A. This fall, our youth-led curriculum design team is excited to be launching “Earth Uprising Schooled.” This is our peer to peer climate education program. This climate change curriculum goes much further than the science of climate change. We will be learning about historical social movements that made change, and how social and racial justice are also environmental justice, as well as the economics and solutions to the climate crisis. We like to call it “climate education 2.0”! The goal for this program is to empower and support young people in taking action and making change for their own future. Earth Uprising Schooled will teach young people how to take action locally and globally.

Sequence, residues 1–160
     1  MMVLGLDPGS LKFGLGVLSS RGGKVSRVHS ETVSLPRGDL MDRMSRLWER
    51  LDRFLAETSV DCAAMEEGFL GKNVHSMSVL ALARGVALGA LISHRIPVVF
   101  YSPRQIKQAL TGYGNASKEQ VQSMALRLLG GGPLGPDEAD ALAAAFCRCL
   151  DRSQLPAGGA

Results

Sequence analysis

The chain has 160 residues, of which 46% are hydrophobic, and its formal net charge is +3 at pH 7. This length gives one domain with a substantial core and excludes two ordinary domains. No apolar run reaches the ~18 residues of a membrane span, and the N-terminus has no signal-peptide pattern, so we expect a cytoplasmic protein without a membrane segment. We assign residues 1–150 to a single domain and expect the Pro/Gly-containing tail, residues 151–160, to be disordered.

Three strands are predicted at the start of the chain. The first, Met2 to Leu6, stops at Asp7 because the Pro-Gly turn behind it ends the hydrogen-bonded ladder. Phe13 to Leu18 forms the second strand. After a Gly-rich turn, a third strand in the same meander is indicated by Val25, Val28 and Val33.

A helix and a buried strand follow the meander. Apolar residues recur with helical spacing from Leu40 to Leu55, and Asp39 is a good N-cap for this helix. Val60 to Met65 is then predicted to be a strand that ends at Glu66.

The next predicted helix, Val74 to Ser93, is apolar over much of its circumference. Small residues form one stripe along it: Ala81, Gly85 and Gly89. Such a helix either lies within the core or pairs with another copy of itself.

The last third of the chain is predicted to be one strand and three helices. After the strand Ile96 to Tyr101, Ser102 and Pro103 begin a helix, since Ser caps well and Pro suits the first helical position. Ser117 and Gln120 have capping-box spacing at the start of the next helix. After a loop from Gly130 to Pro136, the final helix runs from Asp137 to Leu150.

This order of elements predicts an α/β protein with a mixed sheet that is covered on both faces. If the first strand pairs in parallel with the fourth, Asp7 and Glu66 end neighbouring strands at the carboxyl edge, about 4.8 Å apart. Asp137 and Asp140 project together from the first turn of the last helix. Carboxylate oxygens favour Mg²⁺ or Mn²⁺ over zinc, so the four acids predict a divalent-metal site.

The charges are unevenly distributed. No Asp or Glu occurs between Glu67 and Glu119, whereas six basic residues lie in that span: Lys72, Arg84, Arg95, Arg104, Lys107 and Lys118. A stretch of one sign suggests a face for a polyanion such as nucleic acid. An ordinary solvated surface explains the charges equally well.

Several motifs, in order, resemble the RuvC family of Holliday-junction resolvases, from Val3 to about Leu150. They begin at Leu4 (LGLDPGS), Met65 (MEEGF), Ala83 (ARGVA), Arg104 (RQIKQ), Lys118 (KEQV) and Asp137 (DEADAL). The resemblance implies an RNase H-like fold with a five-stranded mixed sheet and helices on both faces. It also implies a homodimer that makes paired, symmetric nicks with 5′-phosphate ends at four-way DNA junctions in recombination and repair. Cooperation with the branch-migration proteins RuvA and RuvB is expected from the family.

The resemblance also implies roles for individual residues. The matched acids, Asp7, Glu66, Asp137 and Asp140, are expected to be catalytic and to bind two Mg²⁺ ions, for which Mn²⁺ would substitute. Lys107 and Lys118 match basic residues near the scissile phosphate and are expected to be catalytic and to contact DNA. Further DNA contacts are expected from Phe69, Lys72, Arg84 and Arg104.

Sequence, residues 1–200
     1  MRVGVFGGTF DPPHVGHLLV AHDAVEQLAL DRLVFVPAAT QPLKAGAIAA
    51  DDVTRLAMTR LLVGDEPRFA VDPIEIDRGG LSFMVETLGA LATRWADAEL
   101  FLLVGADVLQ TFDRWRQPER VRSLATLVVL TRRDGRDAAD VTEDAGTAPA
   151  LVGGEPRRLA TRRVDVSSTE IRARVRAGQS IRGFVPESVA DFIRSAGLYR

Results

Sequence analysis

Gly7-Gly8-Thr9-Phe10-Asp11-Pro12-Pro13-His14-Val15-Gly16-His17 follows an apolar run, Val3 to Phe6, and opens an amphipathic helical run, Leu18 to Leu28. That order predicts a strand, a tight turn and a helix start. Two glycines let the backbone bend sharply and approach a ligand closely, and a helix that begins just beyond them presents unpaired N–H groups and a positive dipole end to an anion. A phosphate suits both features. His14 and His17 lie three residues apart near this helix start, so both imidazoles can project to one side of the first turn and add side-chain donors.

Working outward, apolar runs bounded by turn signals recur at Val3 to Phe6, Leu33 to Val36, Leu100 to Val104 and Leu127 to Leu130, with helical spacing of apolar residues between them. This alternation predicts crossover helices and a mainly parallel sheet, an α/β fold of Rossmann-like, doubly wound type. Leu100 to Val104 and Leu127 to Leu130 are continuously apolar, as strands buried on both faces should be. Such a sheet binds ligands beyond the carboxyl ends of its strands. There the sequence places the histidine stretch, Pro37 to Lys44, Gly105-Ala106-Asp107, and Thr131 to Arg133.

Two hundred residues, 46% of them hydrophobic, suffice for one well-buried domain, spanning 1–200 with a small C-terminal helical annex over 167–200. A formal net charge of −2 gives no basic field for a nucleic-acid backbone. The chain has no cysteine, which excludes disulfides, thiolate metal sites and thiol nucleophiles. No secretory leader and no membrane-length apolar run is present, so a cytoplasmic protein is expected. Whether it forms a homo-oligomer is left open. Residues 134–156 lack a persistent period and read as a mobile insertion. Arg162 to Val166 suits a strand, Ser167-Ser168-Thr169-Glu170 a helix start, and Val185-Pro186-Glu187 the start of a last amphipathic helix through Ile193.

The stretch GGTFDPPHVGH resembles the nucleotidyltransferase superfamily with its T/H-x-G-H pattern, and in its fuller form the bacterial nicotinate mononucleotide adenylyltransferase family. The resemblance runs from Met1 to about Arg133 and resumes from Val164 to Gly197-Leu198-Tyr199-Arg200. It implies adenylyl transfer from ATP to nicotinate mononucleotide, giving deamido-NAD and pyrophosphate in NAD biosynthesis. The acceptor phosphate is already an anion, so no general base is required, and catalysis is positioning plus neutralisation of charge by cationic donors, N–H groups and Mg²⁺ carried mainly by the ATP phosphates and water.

Q. What advice would you give to girls who are considering standing up for a cause they care about?

A. The most important advice I can give when standing up for a cause that you care about, is to support and amplify the people who are marginalized and affected the most, and to always center equity in your solution making. If there is one thing that I’ve learned organizing for environmental justice, it’s that we can’t leave anyone behind when we are implementing solutions for the world’s issues.

Q. How can a person get involved in/support the work you do at Earth Uprising?